What keeps me here is lack of an income...we live very simply, but where could I go?
  8. isiselixir

    isiselixir New Member

    I can relate in a way, my Grandmother and I were on the phone and I started to tell her that my CFS was coming back and she said "you can't let THAT happen again..."
    As if I had control over it! If that was the case I wouldn't have let "IT" happen the first time around.
    Also I have a friend who thinks you just have to use your mind and you can overcome ANY illness, he is always bragging about how he cured his legs after he was hit by a truck.
    Some people just don't get it.
  9. shari1677

    shari1677 New Member

    I know how you feel. Right now I feel forgotten, by everyone. I've been sick for maybe 5 years now and my friends were there in the beginning, but after that, they started dropping like dead flies. I tried what they told me and when it didnt work, they practically called me a liar. My family is the same way. I hear all the time "why are you still sick", "there has to be something you can do". Well, there isnt.

    In time your friends will stop being pushy, but my fear is, they will slowly drop away, like mine did. I hope someone here has better advice.

  10. kellygirl

    kellygirl Member

    That is too funny........not letting THAT happen again. People say the dumbest things!
  11. SnooZQ

    SnooZQ New Member

    IMO, pushy people who tell us "not to let it happen," are people who at some level hold the belief that they are "in control" and/or "working hard" -- and that is the reason why THEY are in better health than we are.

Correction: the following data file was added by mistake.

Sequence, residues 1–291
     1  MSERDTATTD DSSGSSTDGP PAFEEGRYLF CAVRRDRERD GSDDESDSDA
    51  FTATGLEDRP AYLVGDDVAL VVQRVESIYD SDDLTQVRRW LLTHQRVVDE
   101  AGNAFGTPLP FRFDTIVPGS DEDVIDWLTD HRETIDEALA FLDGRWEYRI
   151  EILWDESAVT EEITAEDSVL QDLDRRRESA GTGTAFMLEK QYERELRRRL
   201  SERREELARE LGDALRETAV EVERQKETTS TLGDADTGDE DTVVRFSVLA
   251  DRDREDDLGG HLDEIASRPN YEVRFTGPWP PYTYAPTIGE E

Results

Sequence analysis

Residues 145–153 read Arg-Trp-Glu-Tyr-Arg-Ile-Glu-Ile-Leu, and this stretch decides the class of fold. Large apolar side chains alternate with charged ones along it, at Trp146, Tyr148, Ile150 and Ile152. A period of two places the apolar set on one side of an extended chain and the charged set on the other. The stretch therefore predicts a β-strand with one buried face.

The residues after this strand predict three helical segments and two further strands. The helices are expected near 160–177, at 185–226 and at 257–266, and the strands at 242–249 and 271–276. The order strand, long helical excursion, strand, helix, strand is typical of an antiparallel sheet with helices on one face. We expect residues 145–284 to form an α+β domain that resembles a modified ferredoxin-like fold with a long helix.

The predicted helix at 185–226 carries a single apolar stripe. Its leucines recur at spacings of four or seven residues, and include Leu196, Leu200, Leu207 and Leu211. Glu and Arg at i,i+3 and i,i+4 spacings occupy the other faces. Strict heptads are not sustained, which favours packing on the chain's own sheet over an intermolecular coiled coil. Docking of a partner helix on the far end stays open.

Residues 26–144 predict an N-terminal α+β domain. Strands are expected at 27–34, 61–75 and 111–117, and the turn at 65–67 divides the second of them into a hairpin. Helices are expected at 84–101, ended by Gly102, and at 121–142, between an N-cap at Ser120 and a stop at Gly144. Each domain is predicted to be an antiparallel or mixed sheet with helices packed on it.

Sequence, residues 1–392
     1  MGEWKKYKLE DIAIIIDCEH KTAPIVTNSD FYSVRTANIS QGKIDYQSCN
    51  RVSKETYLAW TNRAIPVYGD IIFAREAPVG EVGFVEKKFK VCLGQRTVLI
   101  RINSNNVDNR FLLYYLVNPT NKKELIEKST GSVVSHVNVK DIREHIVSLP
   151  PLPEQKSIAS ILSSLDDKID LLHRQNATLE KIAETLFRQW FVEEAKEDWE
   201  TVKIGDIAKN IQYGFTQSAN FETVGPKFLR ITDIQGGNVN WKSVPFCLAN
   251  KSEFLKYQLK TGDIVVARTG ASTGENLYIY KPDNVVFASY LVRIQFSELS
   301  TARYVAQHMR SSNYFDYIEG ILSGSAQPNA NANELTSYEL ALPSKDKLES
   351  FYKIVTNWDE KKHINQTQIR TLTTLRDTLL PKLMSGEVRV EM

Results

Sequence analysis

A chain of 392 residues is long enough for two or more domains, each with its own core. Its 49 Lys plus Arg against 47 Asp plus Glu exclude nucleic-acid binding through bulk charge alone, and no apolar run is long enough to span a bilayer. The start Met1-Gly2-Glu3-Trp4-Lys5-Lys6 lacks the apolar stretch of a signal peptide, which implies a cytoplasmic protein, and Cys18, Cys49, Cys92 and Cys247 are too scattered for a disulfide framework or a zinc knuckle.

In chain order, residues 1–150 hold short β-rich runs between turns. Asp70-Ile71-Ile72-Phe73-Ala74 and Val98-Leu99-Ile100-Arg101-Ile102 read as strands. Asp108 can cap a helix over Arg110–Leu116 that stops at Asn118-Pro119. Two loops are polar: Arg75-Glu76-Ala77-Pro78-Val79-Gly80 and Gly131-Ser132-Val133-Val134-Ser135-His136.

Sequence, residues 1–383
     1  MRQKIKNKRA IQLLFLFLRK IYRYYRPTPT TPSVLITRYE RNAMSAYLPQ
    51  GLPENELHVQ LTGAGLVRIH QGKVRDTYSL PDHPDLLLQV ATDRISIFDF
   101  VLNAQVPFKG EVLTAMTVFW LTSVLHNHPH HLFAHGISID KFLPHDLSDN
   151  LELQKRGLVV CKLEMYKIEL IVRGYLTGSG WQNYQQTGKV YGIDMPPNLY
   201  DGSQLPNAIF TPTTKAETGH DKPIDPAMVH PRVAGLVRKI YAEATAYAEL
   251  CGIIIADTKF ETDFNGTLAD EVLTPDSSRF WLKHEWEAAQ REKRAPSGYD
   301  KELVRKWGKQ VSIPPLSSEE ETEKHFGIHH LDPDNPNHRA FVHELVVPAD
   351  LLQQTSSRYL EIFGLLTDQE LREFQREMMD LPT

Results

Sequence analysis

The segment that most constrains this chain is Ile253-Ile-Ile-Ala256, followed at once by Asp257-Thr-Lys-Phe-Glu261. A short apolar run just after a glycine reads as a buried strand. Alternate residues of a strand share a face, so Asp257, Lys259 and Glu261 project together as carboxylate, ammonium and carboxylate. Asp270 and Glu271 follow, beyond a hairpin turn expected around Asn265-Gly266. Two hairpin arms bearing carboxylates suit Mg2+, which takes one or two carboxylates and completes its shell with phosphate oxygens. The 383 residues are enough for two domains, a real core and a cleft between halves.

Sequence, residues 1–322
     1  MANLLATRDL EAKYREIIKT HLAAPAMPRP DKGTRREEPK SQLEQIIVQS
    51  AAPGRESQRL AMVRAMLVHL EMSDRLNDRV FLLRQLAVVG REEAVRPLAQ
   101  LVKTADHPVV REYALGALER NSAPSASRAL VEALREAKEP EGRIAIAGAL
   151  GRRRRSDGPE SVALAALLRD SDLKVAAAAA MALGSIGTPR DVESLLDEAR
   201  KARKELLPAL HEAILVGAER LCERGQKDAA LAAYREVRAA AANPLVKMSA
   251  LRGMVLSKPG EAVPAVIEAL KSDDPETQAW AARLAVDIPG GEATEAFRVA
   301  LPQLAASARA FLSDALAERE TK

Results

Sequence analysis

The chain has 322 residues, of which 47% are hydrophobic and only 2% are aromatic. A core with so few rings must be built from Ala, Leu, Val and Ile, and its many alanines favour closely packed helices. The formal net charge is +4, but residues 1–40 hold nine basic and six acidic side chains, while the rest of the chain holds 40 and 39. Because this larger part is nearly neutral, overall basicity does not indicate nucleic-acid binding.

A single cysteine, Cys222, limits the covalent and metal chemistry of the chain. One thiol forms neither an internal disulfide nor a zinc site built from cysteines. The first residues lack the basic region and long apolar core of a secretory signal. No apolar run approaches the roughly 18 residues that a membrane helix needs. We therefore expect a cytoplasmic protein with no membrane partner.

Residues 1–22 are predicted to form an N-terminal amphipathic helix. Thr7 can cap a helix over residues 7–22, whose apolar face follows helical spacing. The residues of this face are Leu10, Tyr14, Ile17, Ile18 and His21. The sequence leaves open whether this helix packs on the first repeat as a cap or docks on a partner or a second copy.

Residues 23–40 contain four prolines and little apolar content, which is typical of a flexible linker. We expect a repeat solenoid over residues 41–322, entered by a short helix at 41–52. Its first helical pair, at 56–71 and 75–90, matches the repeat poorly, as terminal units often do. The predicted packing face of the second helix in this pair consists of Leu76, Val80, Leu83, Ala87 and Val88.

There's a sort of moral superiority that comes through when people say these things. And when one examines "superior" statements -- what they often seem to reflect is both a put-down as well as a defense against feelings of inferiority and/or fear.

    Sometimes these remarks are mixed with a truly helpful intent & desire that we enjoy good health. Awkwardly phrased, perhaps.

    While many times it's best to let the comment pass, or to drop the relationship, sometimes, with people we're in frequent contact with, there is benefit from a more prolonged discussion. When the time & place are right for you.

    One way to launch such a discussion is to get clarification on what has been said. Then to get clarification on what the person's actual knowledge of the disease is. Be ready to educate -- recommend a specific book title from your local public library, or perhaps an educational website.

    While we all have some factors that we can control to some degree & perhaps work on (you know them: diet, exercise, habits) -- being an angel doesn't guarantee you won't come down with one of our DD.

    Each of us, at some point in our life, will face death, and many of us will face chronic illness. No amount of control, goodness, or hard work exempts us. Confronting the fairy tale/fantasy (that we are in total control) & reckoning with reality is really tough.

    It's good to develop a little compassion for those who have not yet matured into a full understanding of the human condition.

    Best wishes.
    [This Message was Edited on 08/16/2009]
  12. isiselixir

    isiselixir New Member

    I couldn't have said it better, I agree with everything you said. Very well put!
  13. butterflydream

    butterflydream New Member

    If that's all your friend said, well i think your friend cares about you.

    Just be glad your friend is not saying bad things to you.
    Work on getting better doesn't sound pushy but
    if you feel your friend is pushy then be straight forward with this friend.
    You may find this really isn't a friend at all or you may find this is a True Friend.

    Wish you well